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Lateral view of a Female Hexagenia limbata (Ephemeridae) (Hex) Mayfly Dun from the Namekagon River in Wisconsin
Hex Mayflies
Hexagenia limbata

The famous nocturnal Hex hatch of the Midwest (and a few other lucky locations) stirs to the surface mythically large brown trout that only touch streamers for the rest of the year.

Lateral view of a Clostoeca disjuncta (Limnephilidae) (Northern Caddisfly) Caddisfly Larva from the Yakima River in Washington
This one was surprisingly straightforward to identify. The lack of a sclerite at the base of the lateral hump narrows the field quite a bit, and the other options followed fairly obvious characteristics to Clostoeca, which only has one species, Clostoeca disjuncta.
27" brown trout, my largest ever. It was the sub-dominant fish in its pool. After this, I hooked the bigger one, but I couldn't land it.
Troutnut is a project started in 2003 by salmonid ecologist Jason "Troutnut" Neuswanger to help anglers and fly tyers unabashedly embrace the entomological side of the sport. Learn more about Troutnut or support the project for an enhanced experience here.

Updates from May 27, 2007

Updates from May 27, 2007

Photos by Troutnut from Mystery Creek #42 in Pennsylvania

Mystery Creek # 42 in Pennsylvania
Mystery Creek # 42 in Pennsylvania
This above/below shot has Gonzo fishing on top and a beautiful tea-stained little Pocono stream on the bottom.

From Mystery Creek # 42 in Pennsylvania
Mystery Creek # 42 in Pennsylvania

Underwater photos by Troutnut from Mystery Creek #42 in Pennsylvania

Mystery Creek # 42 in Pennsylvania
Gonzo and I had to wait a few seconds for this snapping turtle to get out of our way before we crossed over a log on his small stream.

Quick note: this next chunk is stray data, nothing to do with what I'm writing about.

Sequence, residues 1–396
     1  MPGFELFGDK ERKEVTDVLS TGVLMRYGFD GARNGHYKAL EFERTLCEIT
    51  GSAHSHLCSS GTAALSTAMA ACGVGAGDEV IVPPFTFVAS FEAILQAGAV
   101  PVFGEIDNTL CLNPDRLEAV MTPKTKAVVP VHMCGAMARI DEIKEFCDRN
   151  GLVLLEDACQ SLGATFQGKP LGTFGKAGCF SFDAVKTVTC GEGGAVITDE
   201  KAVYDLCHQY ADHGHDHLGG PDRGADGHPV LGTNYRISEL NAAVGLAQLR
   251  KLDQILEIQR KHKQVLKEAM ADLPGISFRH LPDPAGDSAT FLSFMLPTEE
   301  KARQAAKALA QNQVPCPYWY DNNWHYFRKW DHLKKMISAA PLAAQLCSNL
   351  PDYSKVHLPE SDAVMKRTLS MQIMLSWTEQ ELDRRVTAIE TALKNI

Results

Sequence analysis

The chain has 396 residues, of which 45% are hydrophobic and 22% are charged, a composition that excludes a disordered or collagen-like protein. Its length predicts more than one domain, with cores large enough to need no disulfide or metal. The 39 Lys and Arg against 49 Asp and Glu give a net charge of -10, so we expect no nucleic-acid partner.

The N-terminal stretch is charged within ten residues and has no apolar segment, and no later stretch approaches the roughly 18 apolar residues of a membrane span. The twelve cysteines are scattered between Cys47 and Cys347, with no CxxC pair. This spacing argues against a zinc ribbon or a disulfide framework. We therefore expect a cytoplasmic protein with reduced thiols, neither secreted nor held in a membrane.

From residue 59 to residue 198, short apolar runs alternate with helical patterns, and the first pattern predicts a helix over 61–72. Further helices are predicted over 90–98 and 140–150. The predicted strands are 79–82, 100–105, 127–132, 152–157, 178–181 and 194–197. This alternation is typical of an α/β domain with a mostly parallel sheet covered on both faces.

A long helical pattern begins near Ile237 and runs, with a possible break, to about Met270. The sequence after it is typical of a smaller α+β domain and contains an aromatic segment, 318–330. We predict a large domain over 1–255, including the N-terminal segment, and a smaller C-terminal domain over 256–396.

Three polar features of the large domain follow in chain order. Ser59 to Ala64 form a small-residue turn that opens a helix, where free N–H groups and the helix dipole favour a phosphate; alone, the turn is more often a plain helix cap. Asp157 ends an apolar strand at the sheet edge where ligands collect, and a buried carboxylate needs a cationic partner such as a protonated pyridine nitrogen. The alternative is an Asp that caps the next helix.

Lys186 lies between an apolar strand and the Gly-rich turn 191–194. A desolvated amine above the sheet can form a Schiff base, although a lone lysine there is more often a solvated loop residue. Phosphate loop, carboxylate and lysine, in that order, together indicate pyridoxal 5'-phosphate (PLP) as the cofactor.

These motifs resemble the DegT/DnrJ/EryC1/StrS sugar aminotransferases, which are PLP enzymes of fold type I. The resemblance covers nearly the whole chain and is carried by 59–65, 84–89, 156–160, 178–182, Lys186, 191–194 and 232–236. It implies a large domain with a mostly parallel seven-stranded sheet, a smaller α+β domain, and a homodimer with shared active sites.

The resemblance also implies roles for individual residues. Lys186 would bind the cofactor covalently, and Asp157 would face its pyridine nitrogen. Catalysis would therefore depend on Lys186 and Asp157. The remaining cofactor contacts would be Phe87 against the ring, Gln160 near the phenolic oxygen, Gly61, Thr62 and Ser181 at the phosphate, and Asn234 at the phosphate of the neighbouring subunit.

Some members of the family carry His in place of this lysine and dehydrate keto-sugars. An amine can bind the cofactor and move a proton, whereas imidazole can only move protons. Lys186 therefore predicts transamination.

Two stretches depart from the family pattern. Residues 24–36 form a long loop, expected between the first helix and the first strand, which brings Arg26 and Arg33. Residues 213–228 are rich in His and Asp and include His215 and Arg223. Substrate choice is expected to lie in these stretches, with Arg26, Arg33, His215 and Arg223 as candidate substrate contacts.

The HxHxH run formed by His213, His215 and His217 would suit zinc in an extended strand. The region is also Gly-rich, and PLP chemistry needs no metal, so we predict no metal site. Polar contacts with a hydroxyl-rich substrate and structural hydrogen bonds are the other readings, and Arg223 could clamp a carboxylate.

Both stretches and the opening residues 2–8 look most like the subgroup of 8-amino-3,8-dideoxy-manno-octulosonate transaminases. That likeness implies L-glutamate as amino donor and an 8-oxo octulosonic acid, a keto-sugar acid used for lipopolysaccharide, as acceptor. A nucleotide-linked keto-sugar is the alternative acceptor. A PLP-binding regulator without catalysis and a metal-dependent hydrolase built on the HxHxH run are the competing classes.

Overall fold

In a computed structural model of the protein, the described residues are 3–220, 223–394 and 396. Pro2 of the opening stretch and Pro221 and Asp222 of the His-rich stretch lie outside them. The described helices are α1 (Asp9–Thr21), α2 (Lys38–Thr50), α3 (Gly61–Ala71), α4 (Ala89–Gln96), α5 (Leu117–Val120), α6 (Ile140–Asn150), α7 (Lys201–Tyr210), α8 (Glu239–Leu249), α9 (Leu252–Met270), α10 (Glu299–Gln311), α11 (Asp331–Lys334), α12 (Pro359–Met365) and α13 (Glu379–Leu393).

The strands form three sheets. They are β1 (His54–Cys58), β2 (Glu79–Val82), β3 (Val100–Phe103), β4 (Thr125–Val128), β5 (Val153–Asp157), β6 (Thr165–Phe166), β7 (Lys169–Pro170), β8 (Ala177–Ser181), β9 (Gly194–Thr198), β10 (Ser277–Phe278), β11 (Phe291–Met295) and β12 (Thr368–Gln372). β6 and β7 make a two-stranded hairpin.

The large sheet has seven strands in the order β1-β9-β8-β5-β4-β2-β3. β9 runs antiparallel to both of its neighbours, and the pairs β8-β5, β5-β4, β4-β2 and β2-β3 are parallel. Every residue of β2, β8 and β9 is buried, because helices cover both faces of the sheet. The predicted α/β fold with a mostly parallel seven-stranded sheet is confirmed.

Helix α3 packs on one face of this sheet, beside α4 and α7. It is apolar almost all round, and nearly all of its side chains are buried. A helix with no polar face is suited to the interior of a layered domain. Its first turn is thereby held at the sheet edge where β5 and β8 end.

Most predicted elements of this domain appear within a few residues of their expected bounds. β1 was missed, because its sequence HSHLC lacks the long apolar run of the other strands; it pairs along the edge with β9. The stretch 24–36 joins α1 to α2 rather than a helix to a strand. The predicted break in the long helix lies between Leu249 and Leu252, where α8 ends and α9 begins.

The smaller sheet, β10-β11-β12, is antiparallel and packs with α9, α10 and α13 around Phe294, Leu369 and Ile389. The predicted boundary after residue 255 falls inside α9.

From Mystery Creek # 42 in Pennsylvania
These big bucket-like nets on the weeds are home to Hydropsychid caddisflies, as I verified by actually taking one apart to look at its inhabitant.

From Mystery Creek # 42 in Pennsylvania
Mystery Creek # 42 in Pennsylvania

On-stream insect photos by Troutnut from Mystery Creek #42 in Pennsylvania

This dragonfly got stuck in its shuck trying to emerge, so it was just crawling around on this rock.

From Mystery Creek # 42 in Pennsylvania
This Peltoperlid stonefly (roachfly) was crawling around on this rock looking for a comfortable place to emerge.

From Mystery Creek # 42 in Pennsylvania
This rock includes several empty Peltoperlid shucks.

From Mystery Creek # 42 in Pennsylvania
This stonefly is doing its best to pretend to be a mayfly.

From Mystery Creek # 42 in Pennsylvania
This Peltoperlid stonefly (roachfly) was crawling around on this rock looking for a comfortable place to emerge.

From Mystery Creek # 42 in Pennsylvania
This Peltoperlid stonefly (roachfly) was crawling around on this rock looking for a comfortable place to emerge.

From Mystery Creek # 42 in Pennsylvania

Closeup insects by Troutnut from Mystery Creek #42 in Pennsylvania

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